We did this piece — ‘Rhinoceros’ — and they wanted to commission another piece [of mine]. At that time, I’d finished [my] studies, and they also needed someone for sound engineering work, and a bit of admin. It’s so nice to be able to put in to an ensemble in a different way, as a composer; a lot of people don’t do it enough I think, it’s humbling. You learn so much in aspects that you just never see if you don’t work with an ensemble in this less sexy side of things. -laughs-
Tell me a bit about your working relationship with lovemusic — how have they impacted your performance practice?
We’ve got a really nice working relationship. When we start pieces, they’re always so inquisitive about what they can bring to it. They always have propositions that are so rich — you come thinking one thing, and they come up with something you’d never thought of.
So in this concert, there [was] a mic under the table in front of the stage that works with peak amplitude. I take attacks, and I basically filter everything, choose which layers or aspects of the music I want to set off the lights. That was general basis; and the other side of it features timers which are set off and synced with the electronics. Those are the two levels of how that works. It creates a certain coherence; and in terms of the themes of the pieces, it’s quite nice having this visual aspect of light and darkness.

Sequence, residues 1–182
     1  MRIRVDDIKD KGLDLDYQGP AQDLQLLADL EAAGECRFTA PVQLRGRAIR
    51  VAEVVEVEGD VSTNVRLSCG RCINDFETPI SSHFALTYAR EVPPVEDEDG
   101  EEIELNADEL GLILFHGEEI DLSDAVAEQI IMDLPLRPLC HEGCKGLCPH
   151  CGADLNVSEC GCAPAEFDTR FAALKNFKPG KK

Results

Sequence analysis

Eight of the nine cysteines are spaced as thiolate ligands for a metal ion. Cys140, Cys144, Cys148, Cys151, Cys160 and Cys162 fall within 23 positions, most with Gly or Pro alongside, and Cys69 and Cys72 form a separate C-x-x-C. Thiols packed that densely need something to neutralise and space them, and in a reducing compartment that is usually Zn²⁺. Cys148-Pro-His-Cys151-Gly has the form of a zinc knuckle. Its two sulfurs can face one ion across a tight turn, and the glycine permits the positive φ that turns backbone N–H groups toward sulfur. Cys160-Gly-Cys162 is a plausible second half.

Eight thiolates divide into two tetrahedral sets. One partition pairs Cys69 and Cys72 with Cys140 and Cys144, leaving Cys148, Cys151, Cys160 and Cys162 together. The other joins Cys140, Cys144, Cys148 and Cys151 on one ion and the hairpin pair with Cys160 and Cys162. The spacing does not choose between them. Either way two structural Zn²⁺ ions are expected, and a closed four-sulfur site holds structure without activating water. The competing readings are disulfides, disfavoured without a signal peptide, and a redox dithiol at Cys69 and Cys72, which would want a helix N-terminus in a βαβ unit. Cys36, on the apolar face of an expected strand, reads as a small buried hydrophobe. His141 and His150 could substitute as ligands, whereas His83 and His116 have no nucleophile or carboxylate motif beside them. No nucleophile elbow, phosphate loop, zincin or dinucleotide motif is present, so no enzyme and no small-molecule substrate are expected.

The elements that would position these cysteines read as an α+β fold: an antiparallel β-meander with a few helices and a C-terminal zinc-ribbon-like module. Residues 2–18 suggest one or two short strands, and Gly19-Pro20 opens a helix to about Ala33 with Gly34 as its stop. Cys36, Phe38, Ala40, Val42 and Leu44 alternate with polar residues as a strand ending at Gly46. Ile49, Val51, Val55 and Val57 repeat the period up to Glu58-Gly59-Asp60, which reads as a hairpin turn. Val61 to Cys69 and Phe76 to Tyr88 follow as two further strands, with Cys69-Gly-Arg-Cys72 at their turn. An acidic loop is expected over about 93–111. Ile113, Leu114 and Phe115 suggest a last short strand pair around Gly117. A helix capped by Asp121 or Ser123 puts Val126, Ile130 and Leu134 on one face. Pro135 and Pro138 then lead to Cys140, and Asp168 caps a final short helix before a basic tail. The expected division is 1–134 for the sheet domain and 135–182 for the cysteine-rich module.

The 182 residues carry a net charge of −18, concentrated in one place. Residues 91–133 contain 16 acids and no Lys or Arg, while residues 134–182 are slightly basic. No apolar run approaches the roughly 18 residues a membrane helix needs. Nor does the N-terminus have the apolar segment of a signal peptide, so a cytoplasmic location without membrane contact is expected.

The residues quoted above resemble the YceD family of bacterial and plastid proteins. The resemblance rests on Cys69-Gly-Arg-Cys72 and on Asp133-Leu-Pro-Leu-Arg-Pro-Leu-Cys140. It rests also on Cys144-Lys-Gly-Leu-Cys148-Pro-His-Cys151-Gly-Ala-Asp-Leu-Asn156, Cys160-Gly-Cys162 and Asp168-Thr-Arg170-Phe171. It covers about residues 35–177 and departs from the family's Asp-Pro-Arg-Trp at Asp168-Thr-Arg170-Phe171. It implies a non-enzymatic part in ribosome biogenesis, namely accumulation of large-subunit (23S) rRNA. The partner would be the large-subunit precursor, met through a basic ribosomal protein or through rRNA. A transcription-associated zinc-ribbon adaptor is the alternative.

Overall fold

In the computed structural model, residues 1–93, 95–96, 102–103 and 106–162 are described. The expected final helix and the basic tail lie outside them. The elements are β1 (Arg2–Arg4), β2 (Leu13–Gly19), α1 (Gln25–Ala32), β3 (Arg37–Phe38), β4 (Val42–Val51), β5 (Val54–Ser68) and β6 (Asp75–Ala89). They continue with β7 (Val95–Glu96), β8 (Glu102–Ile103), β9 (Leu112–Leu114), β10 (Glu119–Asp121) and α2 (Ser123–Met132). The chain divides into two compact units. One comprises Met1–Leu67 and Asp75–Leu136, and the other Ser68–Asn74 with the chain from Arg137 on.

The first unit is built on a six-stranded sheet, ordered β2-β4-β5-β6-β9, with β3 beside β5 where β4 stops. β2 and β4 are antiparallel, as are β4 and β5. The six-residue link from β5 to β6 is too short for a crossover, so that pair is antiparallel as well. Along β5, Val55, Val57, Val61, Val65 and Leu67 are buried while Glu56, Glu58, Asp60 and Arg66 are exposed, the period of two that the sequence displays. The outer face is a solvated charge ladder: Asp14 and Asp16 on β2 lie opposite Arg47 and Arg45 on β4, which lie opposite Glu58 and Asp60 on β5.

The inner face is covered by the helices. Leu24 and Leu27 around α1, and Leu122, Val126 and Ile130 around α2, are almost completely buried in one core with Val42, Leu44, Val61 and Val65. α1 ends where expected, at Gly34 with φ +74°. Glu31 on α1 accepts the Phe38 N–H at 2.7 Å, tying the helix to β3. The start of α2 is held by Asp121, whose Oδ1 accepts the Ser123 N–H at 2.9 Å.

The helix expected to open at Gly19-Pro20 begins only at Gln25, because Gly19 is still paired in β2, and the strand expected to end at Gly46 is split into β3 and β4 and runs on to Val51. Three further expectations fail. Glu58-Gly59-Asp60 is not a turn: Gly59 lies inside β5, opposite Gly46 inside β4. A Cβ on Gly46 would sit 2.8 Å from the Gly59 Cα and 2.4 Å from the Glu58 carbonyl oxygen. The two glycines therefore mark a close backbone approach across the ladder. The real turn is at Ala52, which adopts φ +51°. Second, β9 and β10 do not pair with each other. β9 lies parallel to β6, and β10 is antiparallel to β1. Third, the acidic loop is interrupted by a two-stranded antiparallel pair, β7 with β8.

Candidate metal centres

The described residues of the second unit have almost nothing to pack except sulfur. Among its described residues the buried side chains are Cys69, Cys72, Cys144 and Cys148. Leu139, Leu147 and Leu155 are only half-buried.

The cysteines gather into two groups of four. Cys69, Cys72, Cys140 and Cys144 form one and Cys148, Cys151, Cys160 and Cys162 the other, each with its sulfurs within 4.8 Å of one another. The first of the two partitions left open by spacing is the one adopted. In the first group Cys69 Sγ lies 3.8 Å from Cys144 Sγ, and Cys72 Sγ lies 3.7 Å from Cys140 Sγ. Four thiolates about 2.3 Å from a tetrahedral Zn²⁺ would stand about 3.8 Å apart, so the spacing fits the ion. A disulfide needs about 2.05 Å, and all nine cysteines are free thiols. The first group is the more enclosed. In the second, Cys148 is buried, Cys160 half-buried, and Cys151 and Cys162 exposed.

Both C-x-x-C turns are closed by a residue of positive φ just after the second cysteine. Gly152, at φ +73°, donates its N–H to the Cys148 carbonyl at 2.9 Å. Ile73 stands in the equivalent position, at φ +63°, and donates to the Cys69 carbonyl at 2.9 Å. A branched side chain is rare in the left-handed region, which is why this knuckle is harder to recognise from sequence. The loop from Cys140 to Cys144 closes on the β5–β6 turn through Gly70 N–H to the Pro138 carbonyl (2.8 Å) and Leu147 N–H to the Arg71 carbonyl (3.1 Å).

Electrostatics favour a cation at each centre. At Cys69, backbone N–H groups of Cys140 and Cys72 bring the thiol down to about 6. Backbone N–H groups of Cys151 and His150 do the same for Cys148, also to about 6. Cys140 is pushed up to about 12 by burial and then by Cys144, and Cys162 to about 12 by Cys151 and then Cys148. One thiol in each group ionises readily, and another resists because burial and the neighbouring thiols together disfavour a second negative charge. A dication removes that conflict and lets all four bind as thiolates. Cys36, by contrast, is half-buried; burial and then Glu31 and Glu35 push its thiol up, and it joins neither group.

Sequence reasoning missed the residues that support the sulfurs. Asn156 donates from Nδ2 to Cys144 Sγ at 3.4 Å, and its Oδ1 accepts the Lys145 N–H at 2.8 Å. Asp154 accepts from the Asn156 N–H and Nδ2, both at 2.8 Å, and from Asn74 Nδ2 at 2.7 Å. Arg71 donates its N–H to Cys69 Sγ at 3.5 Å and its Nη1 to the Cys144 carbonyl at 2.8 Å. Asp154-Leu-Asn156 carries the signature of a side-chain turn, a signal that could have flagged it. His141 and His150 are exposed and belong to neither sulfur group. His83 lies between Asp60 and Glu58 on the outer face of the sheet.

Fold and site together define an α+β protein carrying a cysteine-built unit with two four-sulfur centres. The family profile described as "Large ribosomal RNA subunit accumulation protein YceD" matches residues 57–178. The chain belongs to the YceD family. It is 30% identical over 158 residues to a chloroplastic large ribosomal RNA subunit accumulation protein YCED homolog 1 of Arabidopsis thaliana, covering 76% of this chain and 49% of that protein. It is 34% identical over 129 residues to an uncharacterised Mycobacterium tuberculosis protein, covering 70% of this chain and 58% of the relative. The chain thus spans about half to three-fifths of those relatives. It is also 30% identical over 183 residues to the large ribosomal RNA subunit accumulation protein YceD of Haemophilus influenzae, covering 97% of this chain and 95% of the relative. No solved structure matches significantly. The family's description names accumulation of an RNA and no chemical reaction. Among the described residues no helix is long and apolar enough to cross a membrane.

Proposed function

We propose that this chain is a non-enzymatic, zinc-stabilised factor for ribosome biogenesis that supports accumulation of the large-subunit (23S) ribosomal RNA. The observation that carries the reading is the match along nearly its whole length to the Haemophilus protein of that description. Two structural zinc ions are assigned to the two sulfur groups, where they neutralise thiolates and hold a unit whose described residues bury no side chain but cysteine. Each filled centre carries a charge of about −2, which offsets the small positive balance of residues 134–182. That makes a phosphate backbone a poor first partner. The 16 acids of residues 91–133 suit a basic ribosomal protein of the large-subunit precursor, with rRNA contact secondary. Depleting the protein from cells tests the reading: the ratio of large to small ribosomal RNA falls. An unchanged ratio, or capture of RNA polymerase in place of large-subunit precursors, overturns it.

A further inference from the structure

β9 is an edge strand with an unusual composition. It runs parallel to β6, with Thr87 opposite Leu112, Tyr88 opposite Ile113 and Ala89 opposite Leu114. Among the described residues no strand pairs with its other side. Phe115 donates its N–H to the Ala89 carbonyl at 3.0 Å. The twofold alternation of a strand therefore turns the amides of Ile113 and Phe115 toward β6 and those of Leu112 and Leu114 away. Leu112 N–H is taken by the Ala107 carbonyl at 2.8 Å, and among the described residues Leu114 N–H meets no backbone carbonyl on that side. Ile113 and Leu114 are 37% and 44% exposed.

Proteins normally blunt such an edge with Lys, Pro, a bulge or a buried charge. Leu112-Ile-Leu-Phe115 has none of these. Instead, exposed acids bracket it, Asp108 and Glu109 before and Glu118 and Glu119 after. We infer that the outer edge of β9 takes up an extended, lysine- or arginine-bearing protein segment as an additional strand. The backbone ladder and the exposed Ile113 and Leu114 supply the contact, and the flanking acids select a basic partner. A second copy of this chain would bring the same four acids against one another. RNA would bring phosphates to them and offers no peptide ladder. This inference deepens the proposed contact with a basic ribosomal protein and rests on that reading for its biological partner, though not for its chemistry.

Have you taken this performative practice on tour with them before?
No — we did a gig in the UK back in October, and we were in Berlin in November, [and] we did a couple gigs in France. But this is our first week-long tour. And then we’re going to the States in April; we’re going to play the piece in nienteForte festival New Orleans, then Brandeis, and then Harvard. So that should be cool!
How has working in this way impacted your compositional lexicon, and how you’re looking to develop in the future?
I suppose I’ve been using less and less real-time electronics in my pieces in the last four years — but playing pieces like Sasha Blondeau’s ‘Sortir du noir’, it’s really like a complete duet between the electronics and the cello. [I] definitely miss out on aspects that I lost when I chose not to do so much live electronics; but then at the same time, when you’re doing rehearsals, you have different time constraints. It’s all things you take into account. I think it’s important, too, for ensembles to have a place for people to do the electronics; it opens up space for piece that you would never be able to play without someone who [can] look after that aspect of it. In terms of mental charge of the musicians, it alleviates quite a lot. It’s also the kind of piece I couldn’t have done if I hadn’t gone to IRCAM and sorted it out with Sasha himself! You’re definitely more implicated that way, musically and technically.